Last edited 13 Mar 2017

Lift table

Lifttable.jpg

Contents

[edit] Introduction

A lift table (or lifting table) is a platform deck that can be elevated to raise or lower loads, including people, through relatively small distances. There are many different configurations of lift table that can be adapted to various specialised tasks. Common applications include handling pallets, loading vehicles, and positioning work so that it is more easily accessible.

The factors to consider when deciding on the most appropriate lift table include the following:

  • Type of use.
  • Type of load.
  • Maximum load.
  • Physical dimensions of the table.
  • Elevation capability, from contraction to full expansion.
  • Power source and mechanism providing the table’s lift.
  • Safety requirements.

[edit] Types of power source

Power is generally only used during elevation. Lowering the table is achieved by using a purge valve or slow-release mechanism.

There are various means of providing power to the lift table:

  • Manual: Operator-controlled crank, pump, racket or screw.
  • Pneumatic: Pressurised air cylinder in conjunction with a compression mechanism.
  • Hydraulic: Pressurised hydraulic fluids power a linear actuator.
  • Electric: Rotational power source provided by an electric motor.

[edit] Types of lifting mechanism

There are various mechanisms which can control the lifting of the table, including:

  • Scissor: Power source collapses the base of a pantograph to extend table supports. See also: Scissor lift.
  • Screw: Table is translated along the length of a screw as it rotates.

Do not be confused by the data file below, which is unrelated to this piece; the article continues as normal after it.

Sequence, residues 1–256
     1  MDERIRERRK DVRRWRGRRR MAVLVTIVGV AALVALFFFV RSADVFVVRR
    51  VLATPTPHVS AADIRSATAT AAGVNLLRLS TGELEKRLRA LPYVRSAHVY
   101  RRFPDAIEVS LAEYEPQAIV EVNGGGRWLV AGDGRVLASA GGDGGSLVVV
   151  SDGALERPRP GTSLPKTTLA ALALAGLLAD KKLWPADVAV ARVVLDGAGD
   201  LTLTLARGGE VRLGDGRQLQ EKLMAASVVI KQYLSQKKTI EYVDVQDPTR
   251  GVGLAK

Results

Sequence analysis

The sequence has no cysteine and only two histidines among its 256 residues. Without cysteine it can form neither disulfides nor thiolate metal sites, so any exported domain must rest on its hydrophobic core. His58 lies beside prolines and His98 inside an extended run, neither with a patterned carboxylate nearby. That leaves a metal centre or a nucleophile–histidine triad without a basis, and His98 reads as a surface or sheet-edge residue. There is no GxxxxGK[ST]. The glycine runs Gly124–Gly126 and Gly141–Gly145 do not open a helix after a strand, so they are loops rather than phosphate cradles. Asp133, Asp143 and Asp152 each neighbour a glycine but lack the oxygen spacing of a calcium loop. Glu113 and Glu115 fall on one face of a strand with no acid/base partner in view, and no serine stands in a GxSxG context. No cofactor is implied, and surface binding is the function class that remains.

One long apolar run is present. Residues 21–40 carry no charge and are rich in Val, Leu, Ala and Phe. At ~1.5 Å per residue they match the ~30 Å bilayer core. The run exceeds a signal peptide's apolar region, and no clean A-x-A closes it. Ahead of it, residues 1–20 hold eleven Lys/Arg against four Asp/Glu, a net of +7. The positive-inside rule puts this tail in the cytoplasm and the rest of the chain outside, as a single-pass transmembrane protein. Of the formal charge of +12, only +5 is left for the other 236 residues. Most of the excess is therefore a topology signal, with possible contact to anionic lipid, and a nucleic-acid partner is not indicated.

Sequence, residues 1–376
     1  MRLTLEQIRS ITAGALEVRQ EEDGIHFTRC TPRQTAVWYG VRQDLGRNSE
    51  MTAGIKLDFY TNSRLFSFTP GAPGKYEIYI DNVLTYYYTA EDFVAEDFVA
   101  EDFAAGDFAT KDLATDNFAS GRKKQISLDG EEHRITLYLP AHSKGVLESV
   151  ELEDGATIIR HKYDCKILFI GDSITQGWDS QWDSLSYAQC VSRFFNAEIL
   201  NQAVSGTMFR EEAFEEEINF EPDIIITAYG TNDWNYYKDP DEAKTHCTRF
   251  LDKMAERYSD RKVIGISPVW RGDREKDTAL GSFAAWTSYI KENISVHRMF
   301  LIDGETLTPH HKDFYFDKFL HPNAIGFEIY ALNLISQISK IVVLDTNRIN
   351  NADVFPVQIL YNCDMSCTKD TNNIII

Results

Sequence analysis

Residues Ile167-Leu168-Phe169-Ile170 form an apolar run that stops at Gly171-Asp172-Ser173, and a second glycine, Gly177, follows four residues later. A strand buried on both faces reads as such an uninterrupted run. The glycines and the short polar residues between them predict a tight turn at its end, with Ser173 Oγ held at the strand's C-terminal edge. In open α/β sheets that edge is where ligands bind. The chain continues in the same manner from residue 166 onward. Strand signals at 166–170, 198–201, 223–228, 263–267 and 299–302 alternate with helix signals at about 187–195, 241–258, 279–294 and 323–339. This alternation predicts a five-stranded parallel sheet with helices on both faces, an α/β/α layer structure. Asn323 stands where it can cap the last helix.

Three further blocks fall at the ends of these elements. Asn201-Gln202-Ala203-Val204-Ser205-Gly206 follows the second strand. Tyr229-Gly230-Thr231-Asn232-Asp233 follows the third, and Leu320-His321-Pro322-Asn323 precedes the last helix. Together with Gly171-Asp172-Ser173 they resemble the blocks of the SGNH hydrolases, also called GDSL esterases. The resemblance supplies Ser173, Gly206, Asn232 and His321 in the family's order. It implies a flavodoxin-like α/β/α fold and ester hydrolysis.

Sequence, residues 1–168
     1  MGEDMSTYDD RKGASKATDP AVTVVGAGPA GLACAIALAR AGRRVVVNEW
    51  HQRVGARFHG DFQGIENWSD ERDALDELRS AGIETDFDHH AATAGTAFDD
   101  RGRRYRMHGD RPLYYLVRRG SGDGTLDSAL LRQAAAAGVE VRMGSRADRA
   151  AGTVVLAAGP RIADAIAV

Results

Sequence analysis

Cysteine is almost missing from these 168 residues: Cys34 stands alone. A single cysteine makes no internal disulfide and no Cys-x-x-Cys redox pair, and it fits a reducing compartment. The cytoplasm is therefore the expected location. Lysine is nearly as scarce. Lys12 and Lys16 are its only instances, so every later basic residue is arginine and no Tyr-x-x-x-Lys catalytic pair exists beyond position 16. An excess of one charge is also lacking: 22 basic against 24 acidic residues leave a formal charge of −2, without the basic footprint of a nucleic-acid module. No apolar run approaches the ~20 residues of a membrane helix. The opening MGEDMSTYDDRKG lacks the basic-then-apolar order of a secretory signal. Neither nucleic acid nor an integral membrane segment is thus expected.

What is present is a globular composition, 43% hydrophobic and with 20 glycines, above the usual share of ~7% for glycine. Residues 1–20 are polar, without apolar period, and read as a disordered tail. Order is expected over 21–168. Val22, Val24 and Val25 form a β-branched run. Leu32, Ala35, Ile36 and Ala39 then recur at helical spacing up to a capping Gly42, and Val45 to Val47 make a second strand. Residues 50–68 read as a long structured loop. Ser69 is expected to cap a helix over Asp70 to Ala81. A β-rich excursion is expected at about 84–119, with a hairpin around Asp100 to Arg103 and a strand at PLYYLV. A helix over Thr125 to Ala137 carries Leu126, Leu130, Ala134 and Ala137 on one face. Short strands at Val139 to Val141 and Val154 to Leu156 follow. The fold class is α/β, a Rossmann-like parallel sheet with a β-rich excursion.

• Rack and pinion: Rack rotation moves the table along the track provided by the pinion.
  • Telescoping: Linear actuators in the hollow cavity of a larger cylinder.
  • Articulated: Jointed arms extend by the use of linear actuators, offering some horizontal movement as well as vertical.
  • Chain and sprocket: Rotating sprocket with a chain drive oriented vertically.

[edit] Safety features

Some lift tables include safety features to prevent injury to the operator:

  • Release lock: The table locks in the event of a malfunction while extended.
  • Pinch guard: If objects are compromising the table’s ability to compress, an underlying pressure-sensitive device stops the descent.
  • Bellows: To prevent items compromising the lifting mechanism a skirt of rubber or vinyl can surround the lift table.

BS EN 1570-1:2011+A1:2014, Safety requirements for lifting tables, provides guidance on safety requirements for lifting tables serving up to two fixed landings.

BS EN 1570-2:2016 provides guidance on safety requirements for lifting tables serving more than 2 fixed landings, for lifting goods with a vertical travel speed not exceeding 0,15 m/s.

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